A distraught toddler was mistakenly left alone in a Auckland childcare centre for nearly two hours while her teachers and friends went for a daytrip to the park.
The forgotten 2-year-old had been dropped off at the Ta Fesilafai Aoga Amata centre in Beach Haven at 9am on Friday by her mother.
She was signed in and left with a teacher but got left behind at the North Shore centre when the staff and other children climbed on to a bus for a sports day at Moire Park in West Auckland.
It was about 11am before anyone noticed the girl was missing.
It is understood her mother, who was just arriving at the park to join the group, was phoned straight away.
Police were also called, while a relative of a staff member who lived near the centre and the girl's older brother both rushed to the centre where she was last seen.
She was found crying and distraught, having been left inside the locked building for nearly two hours. A window was smashed to get to her.
Several investigations are now under way and centre management were last night meeting staff to try to clarify how the girl was left behind.
Centre licensee Sonny Vagana said he was "angered and saddened" by the incident which upset staff and the family involved.
"I felt so sorry for the child and the mum, I'm just really disappointed."
He said a staff member, who has been with the centre since it opened 10 years ago, was yesterday suspended and may face more serious disciplinary action once the board meets later this week to discuss the matter.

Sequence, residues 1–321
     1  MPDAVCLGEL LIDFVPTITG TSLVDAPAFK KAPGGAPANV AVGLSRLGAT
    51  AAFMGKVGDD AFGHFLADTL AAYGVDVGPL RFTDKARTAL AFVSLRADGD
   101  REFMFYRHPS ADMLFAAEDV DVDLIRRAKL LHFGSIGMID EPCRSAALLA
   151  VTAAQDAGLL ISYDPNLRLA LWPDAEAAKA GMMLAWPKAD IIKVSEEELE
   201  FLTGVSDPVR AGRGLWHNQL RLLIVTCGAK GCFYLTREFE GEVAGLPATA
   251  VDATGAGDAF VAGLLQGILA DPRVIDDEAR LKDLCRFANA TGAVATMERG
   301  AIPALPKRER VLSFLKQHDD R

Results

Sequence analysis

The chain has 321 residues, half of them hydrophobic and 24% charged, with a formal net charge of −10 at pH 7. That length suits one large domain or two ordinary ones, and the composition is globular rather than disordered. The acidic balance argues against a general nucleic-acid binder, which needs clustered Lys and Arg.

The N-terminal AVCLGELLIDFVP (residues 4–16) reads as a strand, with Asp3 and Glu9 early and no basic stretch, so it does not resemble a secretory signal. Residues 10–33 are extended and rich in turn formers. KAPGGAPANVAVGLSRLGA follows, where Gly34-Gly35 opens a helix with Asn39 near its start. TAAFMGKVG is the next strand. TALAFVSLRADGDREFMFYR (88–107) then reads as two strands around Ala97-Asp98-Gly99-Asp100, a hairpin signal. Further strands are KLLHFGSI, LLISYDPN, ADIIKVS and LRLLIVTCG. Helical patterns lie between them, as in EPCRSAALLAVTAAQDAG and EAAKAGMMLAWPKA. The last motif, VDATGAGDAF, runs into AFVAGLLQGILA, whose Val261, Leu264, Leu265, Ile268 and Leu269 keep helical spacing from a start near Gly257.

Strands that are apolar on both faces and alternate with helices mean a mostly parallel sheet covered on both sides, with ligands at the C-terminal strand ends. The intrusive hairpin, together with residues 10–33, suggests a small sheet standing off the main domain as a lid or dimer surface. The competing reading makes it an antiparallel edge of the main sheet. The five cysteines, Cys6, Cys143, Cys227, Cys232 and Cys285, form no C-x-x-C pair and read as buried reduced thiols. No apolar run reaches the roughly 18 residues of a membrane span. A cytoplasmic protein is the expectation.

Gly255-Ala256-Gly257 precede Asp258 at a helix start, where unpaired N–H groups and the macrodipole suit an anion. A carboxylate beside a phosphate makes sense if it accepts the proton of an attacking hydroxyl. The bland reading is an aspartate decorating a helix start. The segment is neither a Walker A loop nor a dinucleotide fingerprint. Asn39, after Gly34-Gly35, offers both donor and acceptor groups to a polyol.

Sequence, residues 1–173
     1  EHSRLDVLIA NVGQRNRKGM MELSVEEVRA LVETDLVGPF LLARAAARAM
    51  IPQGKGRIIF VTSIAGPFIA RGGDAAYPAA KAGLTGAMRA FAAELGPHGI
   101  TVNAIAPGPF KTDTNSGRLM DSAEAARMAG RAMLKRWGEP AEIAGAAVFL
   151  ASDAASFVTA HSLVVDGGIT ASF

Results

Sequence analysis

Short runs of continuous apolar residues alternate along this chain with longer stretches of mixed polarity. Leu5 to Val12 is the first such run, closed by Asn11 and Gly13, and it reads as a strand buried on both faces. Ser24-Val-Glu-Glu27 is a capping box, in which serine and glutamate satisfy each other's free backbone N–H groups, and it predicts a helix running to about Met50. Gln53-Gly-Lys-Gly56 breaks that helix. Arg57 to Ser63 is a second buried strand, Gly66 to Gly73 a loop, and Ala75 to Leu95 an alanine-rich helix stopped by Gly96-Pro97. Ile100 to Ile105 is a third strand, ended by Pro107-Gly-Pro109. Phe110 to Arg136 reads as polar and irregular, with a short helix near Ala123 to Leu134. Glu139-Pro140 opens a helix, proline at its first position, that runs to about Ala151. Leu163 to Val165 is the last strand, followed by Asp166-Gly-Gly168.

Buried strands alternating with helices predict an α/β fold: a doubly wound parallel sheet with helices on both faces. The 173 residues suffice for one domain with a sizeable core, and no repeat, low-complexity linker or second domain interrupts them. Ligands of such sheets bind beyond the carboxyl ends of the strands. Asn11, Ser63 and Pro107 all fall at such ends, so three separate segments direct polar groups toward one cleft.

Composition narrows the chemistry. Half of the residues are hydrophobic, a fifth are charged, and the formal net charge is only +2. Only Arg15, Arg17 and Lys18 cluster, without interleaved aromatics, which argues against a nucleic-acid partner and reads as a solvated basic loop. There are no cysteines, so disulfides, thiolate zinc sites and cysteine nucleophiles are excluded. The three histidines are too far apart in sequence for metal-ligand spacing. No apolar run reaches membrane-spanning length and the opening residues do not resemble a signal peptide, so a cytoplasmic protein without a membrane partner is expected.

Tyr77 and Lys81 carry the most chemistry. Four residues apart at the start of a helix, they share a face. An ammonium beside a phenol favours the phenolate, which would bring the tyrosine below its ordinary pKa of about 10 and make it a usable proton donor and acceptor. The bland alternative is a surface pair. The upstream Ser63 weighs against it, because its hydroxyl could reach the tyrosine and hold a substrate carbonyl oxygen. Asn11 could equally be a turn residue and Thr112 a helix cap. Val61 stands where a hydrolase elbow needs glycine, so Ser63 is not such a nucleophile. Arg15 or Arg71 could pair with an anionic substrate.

Mr Vagana said the centre had "some pretty robust" policies and procedures to prevent this kind of thing from happening.
"If everything was followed properly then this wouldn't have happened."
Mr Vagana said the toddler was still in the under-twos area of the centre when she was found.
"We rang someone who was close who rushed over to the preschool, jumped over the fence and had a look inside and saw she was inside. We just said 'smash the window and do whatever you have to do to get inside'.
"I've been told the little girl was pretty distraught."
Mr Vagana said two of his own children attended the non-profit centre which cared for 46 children and involved a close-knit community.
"I tell you, I wouldn't be too happy if it was one of my kids. It was just really disappointing.
"After 10 years of operation, nothing like this has ever happened. All the staff are disappointed too."
He is yet to sit down and talk with the girl's parents but is prepared to do whatever is needed, including offering counselling.
"Anything to comfort them we'll do because I'm sure this will affect the child and that's the most important thing, the safety of the children."
Two Ministry of Education staff visited the centre yesterday after a complaint from the girl's parents.
"The purpose of the visit was to gain more information on the situation," said Bruce Adin, the ministry's northern regional manager for early childhood education.
"We are still gathering information and have yet to gain a full picture of the events that led to the child being unsupervised."
Mr Adin said the centre was generally well managed and offered a sound programme to the children.
The matter was being treated very seriously and the ministry was working with the centre to ensure a similar thing didn't happen again.
Police are also investigating but say it's too early to say if charges will be laid.
The girl's parents did not want to comment.